During my formative years, Presti's sold loaves of bread, slices of pizza, and little else of note out of this storefront. The presiding figure was a short, slender elderly woman with Mussolini's temperament. She brooked no dissent and wasn't exactly giving the customers a hearty welcome. I once saw her threaten a rowdy toddler with a rolling pin. This utter charmlessness was her charm, and she neither noticed nor cared that we found her antics entertaining. We'd order a few slices, perhaps a stromboli, and when weather permitted, sit on the rough-hewn wooden bench out front. Then we'd enjoy our pizza while watching the neighborhood drama. The stage was set by the large storefront across the street whose unavoidable sign read "Brotherhood Loan Company." Such a blatant disregard for contemporary mores and laws against loansharking was just priceless. J-Wy and I would watch the locals do their best to act like Scorsesean wiseguys. My favorite was the gentleman wearing the black satin baseball jacket emblazoned with Giorno Di Paga on the back. I also particularly enjoyed a debate between two goombas about whether Phoenix was in Colorado or Arizona. (In my mind, the argument has yet to be resolved.)

During our Passover visit, J-Wy and I returned with our ladies for our beloved pizza. Presti's sells a handful of varieties, but I'd be unable to name a single one other than the cheese. (Though I will admit to a dalliance with the artichoke pizza around 15 years ago, and would place a small wager that that artichoke pizza is still served daily.) For the record, the pizza is kept at room temperature in large rectangular sheets and is cut into rectangular slices. The pizza is better when it is still hot from the oven, but I never mastered the timing necessary to get it. Suffice it to say, it's well before lunch time. Presti's sadly dispensed with its fascistic tendencies when it moved, and now it even asks customers if they want their pizza warmed in a microwave. Not only is this practice pathetic, but the staff never warns that a microwave would only vitiate the dough's texture. They might as well ask people if they want mayonnaise on their pizza (or anything else for that matter.)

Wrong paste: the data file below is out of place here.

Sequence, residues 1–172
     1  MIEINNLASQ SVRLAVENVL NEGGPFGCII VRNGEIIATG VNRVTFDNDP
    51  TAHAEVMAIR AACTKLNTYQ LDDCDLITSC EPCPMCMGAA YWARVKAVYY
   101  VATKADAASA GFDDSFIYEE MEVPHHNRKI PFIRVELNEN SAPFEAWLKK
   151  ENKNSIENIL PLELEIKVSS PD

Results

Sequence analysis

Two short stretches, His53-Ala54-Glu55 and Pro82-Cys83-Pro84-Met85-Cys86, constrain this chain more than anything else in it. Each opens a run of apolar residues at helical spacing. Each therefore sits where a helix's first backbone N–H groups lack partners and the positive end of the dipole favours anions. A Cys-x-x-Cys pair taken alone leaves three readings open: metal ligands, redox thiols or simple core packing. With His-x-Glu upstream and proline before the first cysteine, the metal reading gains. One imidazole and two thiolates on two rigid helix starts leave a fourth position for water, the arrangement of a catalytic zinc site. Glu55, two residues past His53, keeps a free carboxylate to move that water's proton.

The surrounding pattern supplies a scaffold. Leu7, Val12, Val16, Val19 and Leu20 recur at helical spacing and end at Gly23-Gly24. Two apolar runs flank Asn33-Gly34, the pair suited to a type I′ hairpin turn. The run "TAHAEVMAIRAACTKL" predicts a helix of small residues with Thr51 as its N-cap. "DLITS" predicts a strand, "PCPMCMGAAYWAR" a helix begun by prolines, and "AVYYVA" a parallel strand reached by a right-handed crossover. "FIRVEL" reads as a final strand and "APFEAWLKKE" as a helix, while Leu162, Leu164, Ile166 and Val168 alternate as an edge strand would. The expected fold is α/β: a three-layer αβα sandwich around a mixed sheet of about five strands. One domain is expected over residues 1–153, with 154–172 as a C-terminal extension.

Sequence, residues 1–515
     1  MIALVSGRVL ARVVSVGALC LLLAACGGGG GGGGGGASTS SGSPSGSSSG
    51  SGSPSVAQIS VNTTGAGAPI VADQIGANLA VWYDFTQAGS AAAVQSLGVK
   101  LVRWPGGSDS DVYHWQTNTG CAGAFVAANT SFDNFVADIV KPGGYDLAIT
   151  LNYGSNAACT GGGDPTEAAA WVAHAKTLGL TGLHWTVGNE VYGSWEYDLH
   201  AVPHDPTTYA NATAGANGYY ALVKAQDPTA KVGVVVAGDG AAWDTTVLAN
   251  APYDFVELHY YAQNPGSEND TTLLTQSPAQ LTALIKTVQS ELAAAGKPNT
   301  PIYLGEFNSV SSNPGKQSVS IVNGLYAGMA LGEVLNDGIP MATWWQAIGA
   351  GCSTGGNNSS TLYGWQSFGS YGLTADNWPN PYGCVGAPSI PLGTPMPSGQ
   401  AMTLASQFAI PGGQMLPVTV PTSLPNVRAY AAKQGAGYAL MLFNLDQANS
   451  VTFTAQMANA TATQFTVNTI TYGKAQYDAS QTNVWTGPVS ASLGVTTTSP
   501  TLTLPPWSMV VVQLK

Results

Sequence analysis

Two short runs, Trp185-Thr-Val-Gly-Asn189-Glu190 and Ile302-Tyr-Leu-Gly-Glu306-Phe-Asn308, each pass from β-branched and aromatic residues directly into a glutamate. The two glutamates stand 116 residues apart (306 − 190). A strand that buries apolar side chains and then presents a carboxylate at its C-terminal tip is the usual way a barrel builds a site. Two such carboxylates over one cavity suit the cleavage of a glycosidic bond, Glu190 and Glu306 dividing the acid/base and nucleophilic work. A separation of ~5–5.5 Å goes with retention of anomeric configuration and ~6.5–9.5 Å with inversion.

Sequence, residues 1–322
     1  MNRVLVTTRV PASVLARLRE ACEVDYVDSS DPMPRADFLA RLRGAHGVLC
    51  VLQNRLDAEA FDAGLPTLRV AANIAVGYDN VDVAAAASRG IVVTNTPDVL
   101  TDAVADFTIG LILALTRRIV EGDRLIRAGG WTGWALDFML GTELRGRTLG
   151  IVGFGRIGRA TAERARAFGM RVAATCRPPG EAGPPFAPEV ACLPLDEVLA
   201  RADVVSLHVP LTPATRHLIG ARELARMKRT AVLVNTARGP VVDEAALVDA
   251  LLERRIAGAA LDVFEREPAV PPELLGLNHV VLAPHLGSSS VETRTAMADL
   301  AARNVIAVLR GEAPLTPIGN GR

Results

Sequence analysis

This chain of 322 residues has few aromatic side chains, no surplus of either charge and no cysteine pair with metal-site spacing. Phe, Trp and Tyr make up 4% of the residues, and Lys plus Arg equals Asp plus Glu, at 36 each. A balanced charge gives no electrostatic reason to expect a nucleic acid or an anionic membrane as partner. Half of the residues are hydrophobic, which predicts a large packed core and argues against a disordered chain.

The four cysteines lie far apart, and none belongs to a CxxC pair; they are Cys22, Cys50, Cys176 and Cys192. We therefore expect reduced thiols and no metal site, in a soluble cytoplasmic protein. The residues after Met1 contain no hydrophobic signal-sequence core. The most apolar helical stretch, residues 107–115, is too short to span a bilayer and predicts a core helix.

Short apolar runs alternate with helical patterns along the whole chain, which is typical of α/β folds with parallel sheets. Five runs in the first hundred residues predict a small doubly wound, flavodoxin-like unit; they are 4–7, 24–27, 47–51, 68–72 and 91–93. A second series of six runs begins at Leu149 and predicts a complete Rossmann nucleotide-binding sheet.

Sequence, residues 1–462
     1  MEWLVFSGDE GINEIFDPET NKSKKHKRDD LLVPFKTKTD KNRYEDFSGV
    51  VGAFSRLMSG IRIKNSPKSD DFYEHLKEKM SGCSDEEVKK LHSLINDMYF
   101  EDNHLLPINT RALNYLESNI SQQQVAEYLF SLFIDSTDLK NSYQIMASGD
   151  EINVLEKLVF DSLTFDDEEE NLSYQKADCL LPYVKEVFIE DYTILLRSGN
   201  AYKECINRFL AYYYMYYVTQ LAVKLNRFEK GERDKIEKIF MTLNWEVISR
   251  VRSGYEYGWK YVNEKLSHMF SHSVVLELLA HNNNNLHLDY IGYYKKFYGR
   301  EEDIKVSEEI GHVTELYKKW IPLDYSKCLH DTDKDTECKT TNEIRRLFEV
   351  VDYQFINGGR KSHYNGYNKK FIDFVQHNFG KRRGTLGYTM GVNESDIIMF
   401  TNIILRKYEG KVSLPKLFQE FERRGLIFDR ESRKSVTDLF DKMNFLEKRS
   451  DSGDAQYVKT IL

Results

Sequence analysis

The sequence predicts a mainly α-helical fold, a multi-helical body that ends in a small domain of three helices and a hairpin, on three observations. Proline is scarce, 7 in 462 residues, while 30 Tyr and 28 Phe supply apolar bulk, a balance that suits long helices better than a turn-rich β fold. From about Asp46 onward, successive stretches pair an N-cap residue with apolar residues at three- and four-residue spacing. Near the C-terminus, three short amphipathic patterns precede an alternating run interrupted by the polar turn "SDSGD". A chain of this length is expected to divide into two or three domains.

Presti's cheese pizza is of historical interest because it provides a link, however legendary, to 19th century Sicily. But its enduring greatness owes to its kaleidoscopic unpredictability. The thin-crusted dough is delicious, but it varies in taste depending on what section of the sheet it is coming from. On the rectangle's periphery, the dough is crusty and has a more pronounced crunch, while the interior slices are much softer. The tomato sauce varies along the spectrum of sweetness and spiciness, but it is always delicious. It could be cigarette ashes that provide the occasional bite. The quantity and configuration of the mozzarella cheese also varies; it can cover most a given slice, or sometimes just a small portion of it. The most flavorful slices are always the middle slices, which have no crust whatsoever. Somehow they have a little more sauce and absorb a little more olive oil. They're definitely heavier than the peripheral slices and infinitely more delicious.

Presti's pizza represents a Spartan style, suitable only as cheese pizza for a tiny bakery. No restaurant could serve it and hope to pay the rent for more than a few months, which is why today's Presti's offers such a gallimaufry of comestibles. That said, it's easy to see how Geraci's with its pizza pies became popular when I was growing up. Geraci's pizza is much more accessible and can adapt to any number of toppings, which is what most people want. It's like Domino's, except that it's good. Still, as I contemplate the evolution of American pizza, it seems as though something was lost in pizza's journey from a traditional Italian staple to an American ubiquity. Thankfully, Evan Kleiman reinvigorated the genre back in 1984. Her pizzas share a lineage with Presti's because of their mutual emphasis on quality dough, and the purity and simplicity of traditional flavors. But Kleiman is not tethered to the distant past. Twenty-five years after opening, Angeli Caffe continues to make a consistently revelatory pie. In a neighborhood that boasts Nancy Silverton's über-hyped – and admittedly delicious – Pizzeria Mozza, Angeli makes the only LA pizza that I actually crave.

Angeli Caffe

7274 Melrose Ave.

Los Angeles

(323) 936-9086

Geraci’s Restaurant

2266 Warrensville Center Rd.
University Heights

(216) 371-5643

Presti’s Bakery

12101 Mayfield Rd.
Little Italy

(216) 421-3060